When you run a company and have a title like CEO or SVP, you’re a little scary by default.Being more approachable allows you to dial down the intimidation factor, much like decreasingthe volume on a stereo.
It’s important that employees at all levels of the business feel comfortable knocking on youroffice door when there’s critical information you need to know. If they’re unafraid to tell you,“Hey, I saw a potential problem, and we need to shift course,” you can sidestep disaster.
For some employees – especially those who are less dominant by nature – speaking up takes alot of courage. If there is even a bit more apprehension, they won’t speak up at all.
Here are seven actions you can take to be a more approachable leader:
1. Don’t pull rank.
In other words, don’t be a jerk. If you’re in a conference room and someone else has it booked,get your butt out of your seat, apologize, and get out of there. Likewise, apologize if youinterrupt a meeting – and mean it. Be genuine and authentic. People can smell a phony a mileaway.
Sure, there are perks that come with being the boss, but don’t abuse your position by pullingrank. That’s a surefire way to kill the culture.
2. Park on the other side of the building.
You’ll get a chance to say hi to more people as you make your way to your office. Introduceyourself to everyone you don’t already know, and always say hello to the people you do know.Even if you’re not extroverted by nature, you need to push yourself to do this. Embracerelationships with your people (they’re your most valuable asset).
Set a quota to talk to five non-executive employees per day. Add this goal to your personaldevelopment plan. If you don’t hold yourself accountable, who will?
3. Give your time freely.
Put value on giving your time; if you don’t value this, you’ll never do it. Carve out 30-minuteblocks to chat with employees who are early in their career over coffee – do this 1:1 wheneverpossible.
Ask them about their ambitions and what’s important to them. Listen actively and be interestedin their answers. While they’re talking, think to yourself, “How can I improve their domainknowledge?”
Expose them to topics they might find valuable – even if those topics are above their pay grade.For example, explain a project you’re working on and what the implications might be for thebusiness.
Ask how you can help them specifically, then do something (e.g. share an article or providefeedback the next time they present).
Don’t neglect your remote employees; grab a virtual coffee to let them know they matter.
4. Teach someone something.
Building off the first suggestion, offer to teach someone (not a direct report) something that willhelp them – even if it’s only tangentially related to their job. Don’t tell the person to put 30minutes on your calendar; you book it. Otherwise they might not.
Again, you need to value giving your time to others. If you have a high degree of dominance (asmany business leaders do), you enjoy putting your thumbprint on things. Just think of the rippleeffect you create when you change someone’s mindset by teaching them something new.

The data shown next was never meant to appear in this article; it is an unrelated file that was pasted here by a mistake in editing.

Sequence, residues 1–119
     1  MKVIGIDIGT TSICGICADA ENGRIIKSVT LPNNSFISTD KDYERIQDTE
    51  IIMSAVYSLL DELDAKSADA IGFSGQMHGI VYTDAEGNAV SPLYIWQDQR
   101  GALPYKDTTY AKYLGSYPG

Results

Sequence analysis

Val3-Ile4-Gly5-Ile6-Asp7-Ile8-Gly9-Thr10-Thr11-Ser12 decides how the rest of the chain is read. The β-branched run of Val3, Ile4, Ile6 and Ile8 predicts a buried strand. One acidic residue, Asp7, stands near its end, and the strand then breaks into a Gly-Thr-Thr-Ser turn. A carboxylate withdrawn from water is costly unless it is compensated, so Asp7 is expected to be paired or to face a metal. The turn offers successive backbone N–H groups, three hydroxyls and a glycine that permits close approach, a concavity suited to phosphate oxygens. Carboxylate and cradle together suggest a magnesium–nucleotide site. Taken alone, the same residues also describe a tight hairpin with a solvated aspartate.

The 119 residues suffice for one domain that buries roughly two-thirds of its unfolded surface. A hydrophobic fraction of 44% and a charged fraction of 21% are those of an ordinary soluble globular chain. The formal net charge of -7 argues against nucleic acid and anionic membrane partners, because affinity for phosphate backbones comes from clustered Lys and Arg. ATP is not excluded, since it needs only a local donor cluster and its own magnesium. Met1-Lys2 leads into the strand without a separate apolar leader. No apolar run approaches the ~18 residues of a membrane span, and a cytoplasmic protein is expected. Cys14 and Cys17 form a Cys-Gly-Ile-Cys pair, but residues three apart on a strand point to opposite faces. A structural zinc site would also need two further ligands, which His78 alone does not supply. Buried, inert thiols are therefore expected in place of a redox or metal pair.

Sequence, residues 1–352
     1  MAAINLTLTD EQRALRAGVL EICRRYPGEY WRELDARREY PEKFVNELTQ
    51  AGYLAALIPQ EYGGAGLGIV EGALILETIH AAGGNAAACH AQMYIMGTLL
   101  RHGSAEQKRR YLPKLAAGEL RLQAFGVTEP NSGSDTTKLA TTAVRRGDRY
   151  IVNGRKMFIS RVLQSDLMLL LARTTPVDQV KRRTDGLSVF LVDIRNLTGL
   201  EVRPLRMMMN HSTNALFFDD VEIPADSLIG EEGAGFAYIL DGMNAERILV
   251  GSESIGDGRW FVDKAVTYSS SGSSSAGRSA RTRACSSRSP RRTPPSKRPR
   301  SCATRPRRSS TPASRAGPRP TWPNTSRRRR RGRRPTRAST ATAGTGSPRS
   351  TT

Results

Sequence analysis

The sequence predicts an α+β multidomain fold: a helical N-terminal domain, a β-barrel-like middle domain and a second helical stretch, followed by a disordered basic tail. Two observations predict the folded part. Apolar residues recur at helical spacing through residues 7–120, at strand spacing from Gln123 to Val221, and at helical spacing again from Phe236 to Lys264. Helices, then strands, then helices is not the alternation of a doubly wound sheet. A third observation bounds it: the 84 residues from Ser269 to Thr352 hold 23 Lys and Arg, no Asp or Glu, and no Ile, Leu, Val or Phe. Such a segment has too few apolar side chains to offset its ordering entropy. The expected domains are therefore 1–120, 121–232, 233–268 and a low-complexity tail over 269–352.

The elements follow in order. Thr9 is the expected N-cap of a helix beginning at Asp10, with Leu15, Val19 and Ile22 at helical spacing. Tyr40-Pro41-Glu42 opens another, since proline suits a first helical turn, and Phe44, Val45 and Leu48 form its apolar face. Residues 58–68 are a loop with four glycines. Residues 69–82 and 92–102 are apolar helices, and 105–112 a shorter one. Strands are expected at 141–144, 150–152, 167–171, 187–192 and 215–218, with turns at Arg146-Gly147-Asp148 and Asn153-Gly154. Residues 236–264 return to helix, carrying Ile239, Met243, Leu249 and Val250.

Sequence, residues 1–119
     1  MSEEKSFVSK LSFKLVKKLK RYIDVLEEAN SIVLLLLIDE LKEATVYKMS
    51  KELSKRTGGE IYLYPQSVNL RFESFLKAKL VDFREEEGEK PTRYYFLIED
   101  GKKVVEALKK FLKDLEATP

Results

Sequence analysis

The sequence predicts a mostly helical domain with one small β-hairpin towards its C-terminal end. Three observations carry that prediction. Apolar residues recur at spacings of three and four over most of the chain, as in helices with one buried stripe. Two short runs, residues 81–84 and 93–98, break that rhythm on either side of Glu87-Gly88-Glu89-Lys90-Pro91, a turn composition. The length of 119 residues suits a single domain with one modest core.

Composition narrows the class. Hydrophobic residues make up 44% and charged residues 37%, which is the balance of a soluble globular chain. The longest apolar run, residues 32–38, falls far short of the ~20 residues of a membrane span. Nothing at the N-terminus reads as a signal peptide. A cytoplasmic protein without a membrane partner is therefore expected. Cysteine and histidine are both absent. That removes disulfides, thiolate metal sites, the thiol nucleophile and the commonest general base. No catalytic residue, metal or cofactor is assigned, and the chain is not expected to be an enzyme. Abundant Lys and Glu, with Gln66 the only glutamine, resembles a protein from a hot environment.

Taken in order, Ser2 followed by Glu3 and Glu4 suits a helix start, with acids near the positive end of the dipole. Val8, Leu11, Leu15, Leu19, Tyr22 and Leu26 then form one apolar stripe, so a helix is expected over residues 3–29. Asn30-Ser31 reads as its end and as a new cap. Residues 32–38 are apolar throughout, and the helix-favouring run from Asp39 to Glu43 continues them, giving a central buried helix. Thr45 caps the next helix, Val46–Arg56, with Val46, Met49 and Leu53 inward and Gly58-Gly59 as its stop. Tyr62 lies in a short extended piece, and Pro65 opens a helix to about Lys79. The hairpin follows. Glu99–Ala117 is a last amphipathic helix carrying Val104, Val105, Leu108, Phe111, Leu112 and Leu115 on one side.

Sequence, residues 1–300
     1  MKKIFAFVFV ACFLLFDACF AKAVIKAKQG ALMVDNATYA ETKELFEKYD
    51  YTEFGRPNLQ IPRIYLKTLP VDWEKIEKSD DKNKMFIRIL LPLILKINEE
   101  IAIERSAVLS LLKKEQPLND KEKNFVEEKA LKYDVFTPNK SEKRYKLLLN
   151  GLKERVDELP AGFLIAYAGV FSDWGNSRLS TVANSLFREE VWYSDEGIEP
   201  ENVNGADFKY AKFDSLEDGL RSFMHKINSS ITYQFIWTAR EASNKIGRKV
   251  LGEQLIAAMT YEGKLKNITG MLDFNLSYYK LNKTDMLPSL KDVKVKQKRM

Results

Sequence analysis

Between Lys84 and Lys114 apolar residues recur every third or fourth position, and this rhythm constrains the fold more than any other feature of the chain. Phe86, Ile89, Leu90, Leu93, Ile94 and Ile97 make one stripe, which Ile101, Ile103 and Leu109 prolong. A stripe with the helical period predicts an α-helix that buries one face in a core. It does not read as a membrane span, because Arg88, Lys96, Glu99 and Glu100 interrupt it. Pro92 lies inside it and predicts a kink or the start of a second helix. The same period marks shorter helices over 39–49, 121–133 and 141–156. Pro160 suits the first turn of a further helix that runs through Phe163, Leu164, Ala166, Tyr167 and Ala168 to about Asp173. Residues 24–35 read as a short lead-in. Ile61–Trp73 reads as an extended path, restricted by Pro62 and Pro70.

Does your company have a workplace book club? Show up regularly and contribute to theconversation by sharing your views and knowledge. Just be sure to resist any urges you mighthave to dominate the conversation. When others talk, listen actively.
5. Be vulnerable.
Vulnerability is especially important if you’re trying to build a fail-fast culture that encouragesinnovation. You can tell your people that “Errors of action are better than errors of inaction,” butif you don’t set the example, it could feel like lip service to some.
At the next all company meeting, admit a mistake you made or something you’re worried about.
The next time something goes wrong, praise the effort, not just results.
6. Give truthful, specific and positive feedback.
TSP is a must when giving feedback to employees at all levels. Know your audience and treatthem as individuals. Tailor your feedback according to their preferences. Does the person inquestion love public recognition? Shout out their success on a public channel and explain whatthey did in detail, while tying their actions to a core value and/or a strategic objective.
Never give feedback out of anger or disappointment, never discipline or fire when angry, andnever lose your cool. One angry moment will hang in the air long after the day is done.
7. Show appreciation with gifts.
Thoughtful small presents go a long way. Know an employee who’s always talking about hisfavorite band? Order him a laptop sticker. Does one of your programmers love to read? Pick upa funny bookmark.
While rewards should be substantial (e.g., a cash bonus or a promotion), gifts should beinexpensive – a simple token of appreciation. It’s these smaller gifts that show you’re human.
Have you earned your employees’ emotional trust?
Gallup studied 2.5 million teams and discovered a correlation between being able to “approach[one’s] manager with any type of question” and engagement levels.
Your people need to trust that you care about them, and they need to trust that you’re leadingthem to a good place. You might have their trust in your competence, but not their emotionaltrust. If that’s the case, becoming more approachable is a step in the right direction.